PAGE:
The future of our modern network depends on leveraging more distributed intelligence (DI) at the edge of the network to help manage growth, stability, and security. The move to a smart grid also has a strong business case. Utilities that have implemented investments in advanced metering infrastructure (AMI) are now approaching breakeven point. But the good news is that the ID can create a positive business case without any change in consumer behavior, resulting in a net business profit of almost US $ 50 million for an investment of just US $ 22 million, and that. number continues to grow.

Adding more intelligence means moving processes from the central office and distributing them across the network. The added visibility of this DI ensures that utilities and critical infrastructure operators will be able to meet the changing demands of their customers while improving safety and efficiency.

One utility currently at the forefront of testing and implementing DI applications is Tampa Electric Co. (TECO). TECO has completed the first-ever field test deployment of DI compatible meters with Itron and is currently testing DI applications to improve overall operational efficiency and improve customer relationships.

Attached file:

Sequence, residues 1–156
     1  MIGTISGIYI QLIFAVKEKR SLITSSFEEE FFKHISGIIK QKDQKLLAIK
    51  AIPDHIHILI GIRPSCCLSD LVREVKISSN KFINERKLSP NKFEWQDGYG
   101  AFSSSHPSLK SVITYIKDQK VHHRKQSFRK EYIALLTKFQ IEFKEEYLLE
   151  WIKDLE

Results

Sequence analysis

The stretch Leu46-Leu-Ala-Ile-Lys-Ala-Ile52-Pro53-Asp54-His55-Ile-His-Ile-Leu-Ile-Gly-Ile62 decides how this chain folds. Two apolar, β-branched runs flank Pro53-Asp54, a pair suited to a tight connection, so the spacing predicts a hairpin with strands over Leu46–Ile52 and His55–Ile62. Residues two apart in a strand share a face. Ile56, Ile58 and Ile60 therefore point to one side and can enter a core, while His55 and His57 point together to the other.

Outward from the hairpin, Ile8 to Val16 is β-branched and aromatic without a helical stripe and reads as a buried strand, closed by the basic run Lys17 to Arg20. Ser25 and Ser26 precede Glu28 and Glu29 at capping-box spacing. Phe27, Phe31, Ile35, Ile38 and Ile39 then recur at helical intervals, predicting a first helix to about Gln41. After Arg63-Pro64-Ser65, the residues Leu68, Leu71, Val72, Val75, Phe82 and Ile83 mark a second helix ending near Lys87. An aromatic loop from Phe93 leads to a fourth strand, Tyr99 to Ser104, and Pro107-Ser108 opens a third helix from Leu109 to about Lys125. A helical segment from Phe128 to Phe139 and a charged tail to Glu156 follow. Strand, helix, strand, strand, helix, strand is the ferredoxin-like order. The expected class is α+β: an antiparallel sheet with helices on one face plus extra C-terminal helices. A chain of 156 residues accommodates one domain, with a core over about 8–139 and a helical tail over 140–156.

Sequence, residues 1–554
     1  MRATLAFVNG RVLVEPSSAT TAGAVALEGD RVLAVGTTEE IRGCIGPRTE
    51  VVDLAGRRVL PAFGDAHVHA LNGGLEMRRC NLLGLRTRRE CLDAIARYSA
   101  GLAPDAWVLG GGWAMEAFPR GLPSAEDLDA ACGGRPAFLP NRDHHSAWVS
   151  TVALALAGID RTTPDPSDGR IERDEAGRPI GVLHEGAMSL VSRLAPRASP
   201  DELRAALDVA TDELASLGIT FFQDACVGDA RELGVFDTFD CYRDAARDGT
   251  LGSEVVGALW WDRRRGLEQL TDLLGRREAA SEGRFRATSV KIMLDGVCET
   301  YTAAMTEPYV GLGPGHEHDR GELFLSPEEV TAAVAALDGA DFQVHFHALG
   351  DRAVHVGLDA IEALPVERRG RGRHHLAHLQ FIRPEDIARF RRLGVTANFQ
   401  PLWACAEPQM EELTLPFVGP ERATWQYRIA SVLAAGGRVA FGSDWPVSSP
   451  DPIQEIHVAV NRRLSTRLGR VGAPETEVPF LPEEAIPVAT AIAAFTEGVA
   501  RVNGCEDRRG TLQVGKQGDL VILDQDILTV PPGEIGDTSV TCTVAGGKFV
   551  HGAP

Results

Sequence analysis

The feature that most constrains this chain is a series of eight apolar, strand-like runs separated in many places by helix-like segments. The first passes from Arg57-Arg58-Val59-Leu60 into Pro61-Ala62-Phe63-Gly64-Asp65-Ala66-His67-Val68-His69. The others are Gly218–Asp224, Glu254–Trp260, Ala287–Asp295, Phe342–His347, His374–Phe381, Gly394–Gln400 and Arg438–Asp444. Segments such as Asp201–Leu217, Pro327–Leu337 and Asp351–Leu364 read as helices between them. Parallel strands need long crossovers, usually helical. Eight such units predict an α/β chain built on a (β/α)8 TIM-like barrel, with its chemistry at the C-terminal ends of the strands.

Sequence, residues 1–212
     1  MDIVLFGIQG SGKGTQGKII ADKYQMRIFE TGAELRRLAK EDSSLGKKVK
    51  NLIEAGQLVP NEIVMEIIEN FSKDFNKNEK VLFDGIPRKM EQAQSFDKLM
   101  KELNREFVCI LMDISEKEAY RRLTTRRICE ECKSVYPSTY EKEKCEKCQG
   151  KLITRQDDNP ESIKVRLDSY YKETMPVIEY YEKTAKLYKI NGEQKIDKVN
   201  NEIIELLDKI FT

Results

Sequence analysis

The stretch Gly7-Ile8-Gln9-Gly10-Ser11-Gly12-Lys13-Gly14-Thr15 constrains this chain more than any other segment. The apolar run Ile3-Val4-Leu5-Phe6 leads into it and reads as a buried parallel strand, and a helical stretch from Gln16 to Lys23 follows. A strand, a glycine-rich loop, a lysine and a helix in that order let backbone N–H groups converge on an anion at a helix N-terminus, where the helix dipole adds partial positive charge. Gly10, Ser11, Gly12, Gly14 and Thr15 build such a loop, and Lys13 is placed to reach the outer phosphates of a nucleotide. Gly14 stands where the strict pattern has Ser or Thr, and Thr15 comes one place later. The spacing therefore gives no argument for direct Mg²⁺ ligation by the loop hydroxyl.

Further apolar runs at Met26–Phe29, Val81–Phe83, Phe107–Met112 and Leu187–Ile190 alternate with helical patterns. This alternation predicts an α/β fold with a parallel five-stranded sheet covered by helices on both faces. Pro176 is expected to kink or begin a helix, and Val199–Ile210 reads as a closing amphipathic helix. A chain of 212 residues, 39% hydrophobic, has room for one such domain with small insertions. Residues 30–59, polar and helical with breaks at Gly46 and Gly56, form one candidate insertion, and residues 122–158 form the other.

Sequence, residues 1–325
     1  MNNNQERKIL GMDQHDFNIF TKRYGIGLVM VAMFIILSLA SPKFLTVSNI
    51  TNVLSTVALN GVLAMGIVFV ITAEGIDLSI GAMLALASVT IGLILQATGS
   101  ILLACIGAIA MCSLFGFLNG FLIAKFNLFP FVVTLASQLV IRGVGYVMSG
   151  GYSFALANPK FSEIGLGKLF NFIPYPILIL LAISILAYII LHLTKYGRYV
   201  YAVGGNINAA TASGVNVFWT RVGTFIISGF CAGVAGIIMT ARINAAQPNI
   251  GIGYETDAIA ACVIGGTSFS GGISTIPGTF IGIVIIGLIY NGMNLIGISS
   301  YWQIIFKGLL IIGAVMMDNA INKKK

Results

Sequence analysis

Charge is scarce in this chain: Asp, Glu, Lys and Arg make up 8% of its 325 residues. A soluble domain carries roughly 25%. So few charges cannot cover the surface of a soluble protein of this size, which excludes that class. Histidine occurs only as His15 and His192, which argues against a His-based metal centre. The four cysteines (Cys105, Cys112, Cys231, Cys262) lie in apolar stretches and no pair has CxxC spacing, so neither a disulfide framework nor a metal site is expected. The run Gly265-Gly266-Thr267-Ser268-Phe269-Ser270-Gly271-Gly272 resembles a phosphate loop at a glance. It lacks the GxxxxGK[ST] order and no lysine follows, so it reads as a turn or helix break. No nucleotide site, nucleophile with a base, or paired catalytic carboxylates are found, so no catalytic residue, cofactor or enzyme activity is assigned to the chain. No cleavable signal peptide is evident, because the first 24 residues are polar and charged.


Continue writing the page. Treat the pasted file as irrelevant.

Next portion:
Digital transformation and DI

More intelligence at the edge provides additional visibility and control over assets to increase efficiency. It also generates an entirely new customer experience by providing proactive ways to interact with customers, optimizing the efficiency of load control, demand response and dynamic pricing programs. DI minimizes the amount of data you have to push back to the back office to analyze and make decisions, which is time consuming, inefficient and expensive. Pushing analysis to the edge allows problems to be resolved faster, saving both the time and resources spent finding symptoms more proactively.

According to David Lukcic, director of strategic AMI solutions at TECO, TECO’s transition to ID adoption began as an extension of larger digital transformation initiatives around data and service automation. The journey to DI was natural and supported a transformational investment in new customer experience and operational programs. The energy company had already maximized the benefits of AMI investments and looked to the future to improve overall service delivery and provide additional revenue opportunities to offset the ongoing costs of upgrading the grid infrastructure.